A Celebration of International Social Work

Tue, 02 Apr 2013 16:08:00 BST

International projects highlighted at social work conference

World Social Work Day logo SOCIAL work experts from around the UK came to the University of Huddersfield to gain insights into a range of global social work projects in countries ranging from Uganda to Cambodia and the Caribbean.

The event, A Celebration of International Social Work, marked World Social Work Day 2013.  It was organised by lecturers Ben Raikes and Andy Brammer with Business Studies placement student Chris Nightingale.  Additional support was provided by Ann Saker, the social work secretary, and on the day by Stacey Duke, a second-year social work student.

Chris Nightingale and Ben Raikes - Pictured left conference organisers Chris Nightingale (left) and Ben Raikes

Professor Adele Jones, who heads the University of Huddersfield’s Centre for Applied Childhood Studies, spoke about worldwide projects which she has led – they have included UNICEF-backed work to combat child abuse in the Eastern Caribbean and the EU-funded COPING Project, which has examined the problems faced by children whose parents are in prison.

‌The conference heard how Professor Jones had become involved in a project called Wells of Hope, which assists children in Uganda whose fathers have been imprisoned, placing the mothers in desperate difficulty.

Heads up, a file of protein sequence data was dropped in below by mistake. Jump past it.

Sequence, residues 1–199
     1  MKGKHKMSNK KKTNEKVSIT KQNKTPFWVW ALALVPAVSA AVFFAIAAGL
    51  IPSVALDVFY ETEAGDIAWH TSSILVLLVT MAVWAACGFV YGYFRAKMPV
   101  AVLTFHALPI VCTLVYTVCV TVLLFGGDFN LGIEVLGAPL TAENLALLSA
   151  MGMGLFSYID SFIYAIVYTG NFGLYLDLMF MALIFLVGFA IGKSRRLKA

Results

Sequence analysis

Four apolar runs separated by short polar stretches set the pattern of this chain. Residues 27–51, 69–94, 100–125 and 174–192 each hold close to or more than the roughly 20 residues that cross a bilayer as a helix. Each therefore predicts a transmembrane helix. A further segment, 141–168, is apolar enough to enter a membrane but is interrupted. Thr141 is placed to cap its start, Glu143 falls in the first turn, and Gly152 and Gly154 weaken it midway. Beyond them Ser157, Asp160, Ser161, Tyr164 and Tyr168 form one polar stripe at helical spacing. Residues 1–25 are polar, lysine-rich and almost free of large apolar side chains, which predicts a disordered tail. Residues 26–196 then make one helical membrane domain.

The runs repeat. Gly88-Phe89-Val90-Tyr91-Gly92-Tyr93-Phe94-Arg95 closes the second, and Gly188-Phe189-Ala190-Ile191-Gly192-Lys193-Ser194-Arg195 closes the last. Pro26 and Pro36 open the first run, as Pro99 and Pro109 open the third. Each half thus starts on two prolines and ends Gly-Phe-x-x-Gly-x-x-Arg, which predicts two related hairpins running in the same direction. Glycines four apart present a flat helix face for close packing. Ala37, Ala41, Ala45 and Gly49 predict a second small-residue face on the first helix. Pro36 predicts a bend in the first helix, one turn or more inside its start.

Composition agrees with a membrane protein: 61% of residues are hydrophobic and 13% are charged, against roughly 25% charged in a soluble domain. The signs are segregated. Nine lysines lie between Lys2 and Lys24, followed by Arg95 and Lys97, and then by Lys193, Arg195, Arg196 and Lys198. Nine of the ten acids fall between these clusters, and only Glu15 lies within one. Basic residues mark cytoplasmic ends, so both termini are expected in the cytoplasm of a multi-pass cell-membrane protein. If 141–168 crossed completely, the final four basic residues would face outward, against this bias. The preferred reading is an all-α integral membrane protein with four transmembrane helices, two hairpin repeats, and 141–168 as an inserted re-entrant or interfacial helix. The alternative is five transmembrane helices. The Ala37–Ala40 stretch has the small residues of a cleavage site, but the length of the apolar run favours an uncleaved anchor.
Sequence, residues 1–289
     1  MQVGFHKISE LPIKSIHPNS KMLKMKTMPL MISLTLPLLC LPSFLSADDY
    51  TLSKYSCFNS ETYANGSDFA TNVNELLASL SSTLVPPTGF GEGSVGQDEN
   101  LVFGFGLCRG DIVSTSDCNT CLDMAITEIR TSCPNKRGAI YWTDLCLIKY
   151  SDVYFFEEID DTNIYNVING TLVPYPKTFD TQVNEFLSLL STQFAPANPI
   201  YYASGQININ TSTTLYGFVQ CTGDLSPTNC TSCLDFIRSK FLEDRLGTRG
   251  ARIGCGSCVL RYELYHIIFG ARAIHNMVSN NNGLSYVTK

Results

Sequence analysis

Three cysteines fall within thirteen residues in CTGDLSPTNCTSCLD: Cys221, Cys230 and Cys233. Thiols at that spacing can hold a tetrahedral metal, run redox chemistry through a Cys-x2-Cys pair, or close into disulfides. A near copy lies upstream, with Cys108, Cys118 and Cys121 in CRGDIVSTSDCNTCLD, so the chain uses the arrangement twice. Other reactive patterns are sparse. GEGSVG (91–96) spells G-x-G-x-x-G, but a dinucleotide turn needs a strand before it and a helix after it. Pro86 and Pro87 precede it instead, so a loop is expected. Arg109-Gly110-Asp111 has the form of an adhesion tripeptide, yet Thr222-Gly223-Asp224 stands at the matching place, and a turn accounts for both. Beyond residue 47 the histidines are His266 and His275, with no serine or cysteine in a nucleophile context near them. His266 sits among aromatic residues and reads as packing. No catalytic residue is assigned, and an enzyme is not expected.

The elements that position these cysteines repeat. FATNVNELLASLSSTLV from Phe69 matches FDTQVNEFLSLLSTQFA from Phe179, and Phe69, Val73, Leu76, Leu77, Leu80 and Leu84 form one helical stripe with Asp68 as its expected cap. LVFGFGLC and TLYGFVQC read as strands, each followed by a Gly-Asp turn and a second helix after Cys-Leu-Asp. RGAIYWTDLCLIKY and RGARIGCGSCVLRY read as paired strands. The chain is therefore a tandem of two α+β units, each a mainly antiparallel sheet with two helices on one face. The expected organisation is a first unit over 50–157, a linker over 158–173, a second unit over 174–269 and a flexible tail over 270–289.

Ben Raikes is currently involved in assembling a research project that will revolve around the role that grandparents play in caring for prisoners’ children in the UK, Uganda, Trinidad, Romania and Turkey.  He explained that the director of Wells of Hope, Francis Ssuubi, had contacted the University of Huddersfield’s COPING team after reading about its work on the web.

Lihn Dinh, Professor Adele Jones and Limota Goroso Giwa - Pictured left conference speakers organisers (left to right) Lihn Dinh, Professor Adele Jones and Limota Goroso Giwa‌‌‌

The Celebration of International Social Work also included the screening of a video film sent by Matthew Higgs, a University of Huddersfield practice educator, who is currently spending a year in Cambodia, working on a scheme that helps street-children to get into education.

Three University of Huddersfield PhD researchers gave presentations about their work.  They were Limota Goroso Giwa on HIV and AIDS in Nigeria, Maha Alluhaibi on domestic violence and child abuse in Saudi Arabia and Lihn Dinh on suicide in Vietnam.

The keynote speaker at the event, Professor Michael Lavalette of Liverpool Hope University, spoke about the work that he and other social workers had done with oppressed groups around the world and how key people in different countries had contributed to the development of social work as a profession.  He also gave an account of his links with social work teams in Palestine.

Organiser Ben Raikes was delighted by an attendance of 140 people.

“They were mainly social workers from local authorities adjoining Kirklees,” he said, “but there were also people from as far afield London and Southampton.”  They were attracted by the international dimension, he added.

Now there are plans for an expanded event in 2014.

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